User:George Swan/Lengthy, meaty articles

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I am responding here to some points in this note from Larry Sanger. First draft right now

Argentina and Chile had their "dirty wars", where, following right-wing coups, the authorities arrived in the middle of the night and secretly apprehended individuals whose activities they were suspicious of, or individual who were believed to be sympathetic to causes, organizations, or individuals, that might, in the future, lead them into activity the authorities disapproved of.
One of my correspondents over on another wiki was quite concerned that, by fully covering the USA's flouting of the principle of the presumption of innocence, while not providing the same coverage of other nation's flouting of the same principles leaves the impression that the USA was a bigger human rights offender than those other nations.
This is not true. In Uzbekistan there are reliable reports, from UK diplomats for instance, that being boiled alive is one of the interrogation and execution methods used in Uzbek torture chambers. That is several orders of magnitude worse than Guantanamo.
But one of the core principles over on that other wiki was "verifiability, not truth" -- and that is true here too, isn't it? Instances where open democratic countries flout the rule of law are more verifiable than instances where closed, represeeive countries. Among the choices are to try to give every instance the measure of neutral, verifiable coverage it merits, or alternately, to make an editorial decision to scale back the coverage of some instances, because it wasn't possible to find verifiable references for other instances from repressive countries.
If I were to get a say in this choice I would back the first choice. If we can't find verifiable references for actual instances, we can look for authoritative speculation from the UN, or Amnesty International, or reasonable equivalent. And, if we can't find worthwhile references from authoritiative commentators either, I think this means that we should question our idea that those nations were as guilty as we thought.
As I read through the thousands of pages of documents the DoD released about the Guantanamo captives I drew dozens or hundreds of conclusions. I couldn't write about in that other wiki -- and I wouldn't be able to write about them here -- because carrying those conclusions would violate the principles of no original research. See User:George Swan/Guantanamo/The Mullah Shahzada story.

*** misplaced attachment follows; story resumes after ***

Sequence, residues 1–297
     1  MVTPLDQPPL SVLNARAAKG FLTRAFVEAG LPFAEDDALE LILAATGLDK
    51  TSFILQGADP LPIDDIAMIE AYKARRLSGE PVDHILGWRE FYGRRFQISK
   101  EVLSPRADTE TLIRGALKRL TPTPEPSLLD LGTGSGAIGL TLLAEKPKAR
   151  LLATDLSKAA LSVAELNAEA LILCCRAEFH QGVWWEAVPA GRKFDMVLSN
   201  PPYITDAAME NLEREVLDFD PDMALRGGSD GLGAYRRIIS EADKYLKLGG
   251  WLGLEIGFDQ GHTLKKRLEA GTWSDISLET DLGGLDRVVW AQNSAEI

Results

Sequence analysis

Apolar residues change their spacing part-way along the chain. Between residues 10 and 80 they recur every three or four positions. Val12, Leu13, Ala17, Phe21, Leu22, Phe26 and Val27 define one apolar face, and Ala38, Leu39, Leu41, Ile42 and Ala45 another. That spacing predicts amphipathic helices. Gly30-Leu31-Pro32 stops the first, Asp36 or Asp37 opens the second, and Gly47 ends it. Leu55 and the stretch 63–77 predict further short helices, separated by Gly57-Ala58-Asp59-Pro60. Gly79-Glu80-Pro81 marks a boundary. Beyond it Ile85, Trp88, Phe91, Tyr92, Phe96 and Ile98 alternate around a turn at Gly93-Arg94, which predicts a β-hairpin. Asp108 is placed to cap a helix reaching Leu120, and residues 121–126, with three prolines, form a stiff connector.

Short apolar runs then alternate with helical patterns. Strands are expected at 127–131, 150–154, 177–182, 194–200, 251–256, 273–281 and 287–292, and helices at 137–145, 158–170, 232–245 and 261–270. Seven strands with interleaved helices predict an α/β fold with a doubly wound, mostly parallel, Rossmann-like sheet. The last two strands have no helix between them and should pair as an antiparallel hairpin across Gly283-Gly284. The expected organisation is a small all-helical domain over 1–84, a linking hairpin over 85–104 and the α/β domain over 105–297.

One of the conclusions I drew from my experience of sitting on conclusions I couldn't write about was that the same proscription should apply to my correspondent who was concerned that giving the documentable instances of Western flouting of the rule of law and the presumption of innocence would leave readers with the inflated impression of the USA's ranking in the world's worst human rights abusers was in a similar situation as I was. Just as I couldn't write about the conclusions about Mullah Shahzada, because there were no authoritative verifiable sources to cite, if he or I couldn't find sources to back up the conclusion that Uzbekistan, Argentina, Chile had worse human rights records than the USA, we couldn't write about it.
It goes without saying that our decisions about what to include in projects like this one should not be influenced by unreferenced popular notions, urban legends, unreferenced preconceptions. Our decisions about what to include should be based on what we can verify. And, I think a corollary of this principle is that our decisions about what we exclude should not be influenced by unreferenced preconceptions, urban legends, etc -- just by what we can verfiy.
I thik we have to respect our reader's intelligence and judgment. As I wrote above I had no special knowledge of the Geneva Conventions before I started researching this area. I am not an expert now. I am sure there are holes in my knowledge and understanding that a real expert wouldn't have. But I have confidence that the conclusions I have drawn, after all the research I have done, are serious, well-informed ones. Even if, for the sake of argument, I was more dedicated than the projects usual reader I think I should act as if the usual reader was a curious, intelligent, responsible person, capable of drawing their own informed opinion. Intelligent responsible readers will already have their own conclusion as to how much credibility to grant to the concerns of the UN, Amnesty International, and similar groups, and how much credibility to grant to the denials from Uzbek offidial that their nation engages in torture. Same with the denials from US officials that their nation engages in torture.

It seems to me that not only should our decisions about what to include in projects like this not
Cheers! George Swan 09:08, 19 October 2007 (CDT)